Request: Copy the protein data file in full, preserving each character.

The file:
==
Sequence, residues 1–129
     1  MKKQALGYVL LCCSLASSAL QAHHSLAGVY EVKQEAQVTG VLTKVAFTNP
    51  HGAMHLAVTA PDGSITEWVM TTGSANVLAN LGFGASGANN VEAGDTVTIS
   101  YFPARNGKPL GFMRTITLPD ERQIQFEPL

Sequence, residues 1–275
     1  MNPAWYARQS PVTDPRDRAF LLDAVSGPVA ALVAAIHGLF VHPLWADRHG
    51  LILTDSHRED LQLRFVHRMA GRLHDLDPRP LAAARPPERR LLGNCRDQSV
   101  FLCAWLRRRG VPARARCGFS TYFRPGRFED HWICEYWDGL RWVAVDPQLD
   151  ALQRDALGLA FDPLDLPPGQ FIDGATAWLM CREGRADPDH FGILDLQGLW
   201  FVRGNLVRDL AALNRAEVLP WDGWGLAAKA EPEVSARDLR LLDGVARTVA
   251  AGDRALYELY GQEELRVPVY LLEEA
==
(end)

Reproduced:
Sequence, residues 1–129
     1  MKKQALGYVL LCCSLASSAL QAHHSLAGVY EVKQEAQVTG VLTKVAFTNP
    51  HGAMHLAVTA PDGSITEWVM TTGSANVLAN LGFGASGANN VEAGDTVTIS
   101  YFPARNGKPL GFMRTITLPD ERQIQFEPL

Sequence, residues 1–275
     1  MNPAWYARQS PVTDPRDRAF LLDAVSGPVA ALVAAIHGLF VHPLWADRHG
    51  LILTDSHRED LQLRFVHRMA GRLHDLDPRP LAAARPPERR LLGNCRDQSV
   101  FLCAWLRRRG VPARARCGFS TYFRPGRFED HWICEYWDGL RWVAVDPQLD
   151  ALQRDALGLA FDPLDLPPGQ FIDGATAWLM CREGRADPDH FGILDLQGLW
   201  FVRGNLVRDL AALNRAEVLP WDGWGLAAKA EPEVSARDLR LLDGVARTVA
   251  AGDRALYELY GQEELRVPVY LLEEA